We used to ensure that any comments or suggestions were wrote in small synopsis format follow by the date and if possible signed by the engineer who made the comment or by the person getting the comment in which case, the note will also include name of who made the comment.

If the suggestion was used latter on, then we could go and ask the engineer the meaning of his/her ideas before implementing it but ultimately, it is your design and therefore you are responsible for it and all info in it.

Engineering practices should be a collaborative environment, helpful suggestion are needed to improve the designs but important changes have to have some sort of record. Worst case follow verbal comments with an e-mail asking for further information or confirmation.

RE: PROJECT MANAGEMENT (Structural Design Office)

There are programs that offer a way to link RFIs and comments to a record set of PDF drawings (bluebeam). The older school method is to keep a physical set of drawings in the office and add notes directly on the paper sheets.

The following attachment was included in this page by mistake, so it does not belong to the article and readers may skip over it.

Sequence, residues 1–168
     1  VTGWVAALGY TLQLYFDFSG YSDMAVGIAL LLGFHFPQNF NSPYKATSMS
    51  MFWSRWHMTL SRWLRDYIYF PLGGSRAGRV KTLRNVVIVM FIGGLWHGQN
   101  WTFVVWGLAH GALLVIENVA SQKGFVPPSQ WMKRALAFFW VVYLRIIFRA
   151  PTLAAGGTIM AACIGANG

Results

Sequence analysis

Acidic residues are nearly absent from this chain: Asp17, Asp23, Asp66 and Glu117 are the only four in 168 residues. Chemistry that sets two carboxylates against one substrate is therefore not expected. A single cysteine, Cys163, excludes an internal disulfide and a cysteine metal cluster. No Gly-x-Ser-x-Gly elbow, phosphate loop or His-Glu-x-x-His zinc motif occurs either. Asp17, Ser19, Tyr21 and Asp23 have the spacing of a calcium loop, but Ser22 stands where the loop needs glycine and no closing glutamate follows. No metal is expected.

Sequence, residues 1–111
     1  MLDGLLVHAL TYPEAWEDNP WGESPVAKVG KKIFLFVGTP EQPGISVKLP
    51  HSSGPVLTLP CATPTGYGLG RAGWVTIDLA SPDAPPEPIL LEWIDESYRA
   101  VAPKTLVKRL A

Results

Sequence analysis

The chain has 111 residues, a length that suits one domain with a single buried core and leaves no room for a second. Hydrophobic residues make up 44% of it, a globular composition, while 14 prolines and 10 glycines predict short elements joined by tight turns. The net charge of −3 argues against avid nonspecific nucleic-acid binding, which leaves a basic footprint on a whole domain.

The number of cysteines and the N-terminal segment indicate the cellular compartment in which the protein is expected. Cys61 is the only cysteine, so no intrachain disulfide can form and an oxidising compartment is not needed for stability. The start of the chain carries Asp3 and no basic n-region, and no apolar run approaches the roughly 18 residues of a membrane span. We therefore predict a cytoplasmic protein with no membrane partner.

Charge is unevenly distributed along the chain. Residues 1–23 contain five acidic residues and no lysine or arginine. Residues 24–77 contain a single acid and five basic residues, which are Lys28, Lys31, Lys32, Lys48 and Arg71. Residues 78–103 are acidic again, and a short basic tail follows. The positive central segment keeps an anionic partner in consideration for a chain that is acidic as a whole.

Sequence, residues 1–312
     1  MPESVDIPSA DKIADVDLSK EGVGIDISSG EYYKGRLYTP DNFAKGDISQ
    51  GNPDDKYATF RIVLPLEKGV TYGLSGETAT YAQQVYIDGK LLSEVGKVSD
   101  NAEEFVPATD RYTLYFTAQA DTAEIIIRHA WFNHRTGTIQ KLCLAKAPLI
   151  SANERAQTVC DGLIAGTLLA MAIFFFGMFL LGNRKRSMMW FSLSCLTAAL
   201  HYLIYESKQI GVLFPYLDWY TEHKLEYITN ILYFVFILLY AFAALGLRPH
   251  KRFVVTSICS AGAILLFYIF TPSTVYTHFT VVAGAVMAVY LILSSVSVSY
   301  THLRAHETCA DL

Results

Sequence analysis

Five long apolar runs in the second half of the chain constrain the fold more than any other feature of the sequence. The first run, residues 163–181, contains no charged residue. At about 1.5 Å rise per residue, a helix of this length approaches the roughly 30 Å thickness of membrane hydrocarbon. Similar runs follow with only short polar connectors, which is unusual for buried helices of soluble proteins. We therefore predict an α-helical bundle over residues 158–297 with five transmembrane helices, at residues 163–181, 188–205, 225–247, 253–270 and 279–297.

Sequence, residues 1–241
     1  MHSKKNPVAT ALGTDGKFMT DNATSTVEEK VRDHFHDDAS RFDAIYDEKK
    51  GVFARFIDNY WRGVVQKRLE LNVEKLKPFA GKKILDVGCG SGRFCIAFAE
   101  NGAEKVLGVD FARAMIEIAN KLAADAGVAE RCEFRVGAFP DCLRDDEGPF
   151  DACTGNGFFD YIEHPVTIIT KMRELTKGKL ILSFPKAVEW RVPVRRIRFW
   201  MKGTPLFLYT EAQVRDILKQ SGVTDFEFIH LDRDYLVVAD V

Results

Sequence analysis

With minor issues, a follow up memo is sufficient. "we talked about X issue and Y solution is structurally sufficient." This makes it clear what you agreed to so you avoid misinterpretations.

You never want to end up in a situation where the contractor says, "we didn't put reinforcing in the wall because useman3301 said we could use fibermesh."

RE: PROJECT MANAGEMENT (Structural Design Office)

In a word: e-mail. Be it internal or external. A lot of contractors love to talk by phone.

RE: PROJECT MANAGEMENT (Structural Design Office)

[Edit: From the OP, I'm envisioning blaming and finger-pointing within the design firm. Inter-company finger-pointing should be dealt with using email, as someone above suggested.]